When I was a boy, I looked at the world through squinted eyes. I closed those eyes to mere slits so that only a faint line of light and moving shadow remained to show the world. It was a filter that lended itself to dreams and one that I still occasionally find myself applying in order to recall those fantasies of my youth. And I…

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Gallery  —  Posted: October 3, 2014 in Fine Art, Gear, Guest Posts, Projects, Tips

Indian Woman

There was more to see at the balloon festival than the eponymous flying machines. With thousands of people wandering around the airfield, there were many chances to catch some great shots of folks as they socialized or took pictures of their own.

I’ve always wanted to travel to India. I have several friends who come from that country, and I admire the beauty of their language and many of their customs. So I was pleased to find a woman in traditional dress at the festival. It was a bit cold that day, and I imagined she might have been shivering a bit, wrapped up though she was.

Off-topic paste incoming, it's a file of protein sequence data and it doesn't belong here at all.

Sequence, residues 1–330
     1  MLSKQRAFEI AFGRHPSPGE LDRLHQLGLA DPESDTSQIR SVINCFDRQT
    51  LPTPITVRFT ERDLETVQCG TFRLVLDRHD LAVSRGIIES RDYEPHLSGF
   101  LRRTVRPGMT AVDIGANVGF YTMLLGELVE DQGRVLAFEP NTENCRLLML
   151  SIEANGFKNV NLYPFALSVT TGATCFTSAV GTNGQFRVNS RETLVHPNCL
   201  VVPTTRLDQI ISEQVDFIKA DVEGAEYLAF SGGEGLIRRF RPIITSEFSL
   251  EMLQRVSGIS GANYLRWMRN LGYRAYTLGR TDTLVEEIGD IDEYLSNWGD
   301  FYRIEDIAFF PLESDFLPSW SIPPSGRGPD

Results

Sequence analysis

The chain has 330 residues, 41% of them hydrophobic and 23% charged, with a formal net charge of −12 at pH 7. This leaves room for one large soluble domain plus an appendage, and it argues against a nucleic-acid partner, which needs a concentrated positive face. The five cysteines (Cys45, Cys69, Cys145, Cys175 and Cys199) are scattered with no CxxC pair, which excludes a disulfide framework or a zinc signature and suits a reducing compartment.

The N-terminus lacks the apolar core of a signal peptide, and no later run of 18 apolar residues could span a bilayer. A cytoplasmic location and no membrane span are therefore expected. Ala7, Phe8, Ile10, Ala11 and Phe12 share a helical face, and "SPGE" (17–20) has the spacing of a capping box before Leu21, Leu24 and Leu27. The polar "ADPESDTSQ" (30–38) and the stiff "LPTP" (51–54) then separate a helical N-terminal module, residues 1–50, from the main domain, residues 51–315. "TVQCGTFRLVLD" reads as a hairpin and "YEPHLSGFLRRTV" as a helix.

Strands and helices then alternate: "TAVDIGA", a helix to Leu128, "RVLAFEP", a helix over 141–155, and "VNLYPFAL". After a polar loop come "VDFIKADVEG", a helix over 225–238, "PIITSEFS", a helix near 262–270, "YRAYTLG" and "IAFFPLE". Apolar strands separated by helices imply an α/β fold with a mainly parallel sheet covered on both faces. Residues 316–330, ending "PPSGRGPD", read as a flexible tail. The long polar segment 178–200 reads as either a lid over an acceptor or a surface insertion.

As with other shots taken at the festival, this one required a versatile lens: in this case a 18-270mm zoom. In street photography, conditions can change in a heartbeat. Moments can be found and lost with equal speed, so it’s often a good idea to wait for the action to come to you. A good zoom will allow you to be more unobtrusive in the midst of all the activity. Instead of constantly moving back and forth to get just the right distance to your subject, just adjust your lens.

Exposure Data: ISO 4000, f/6.3, 1/200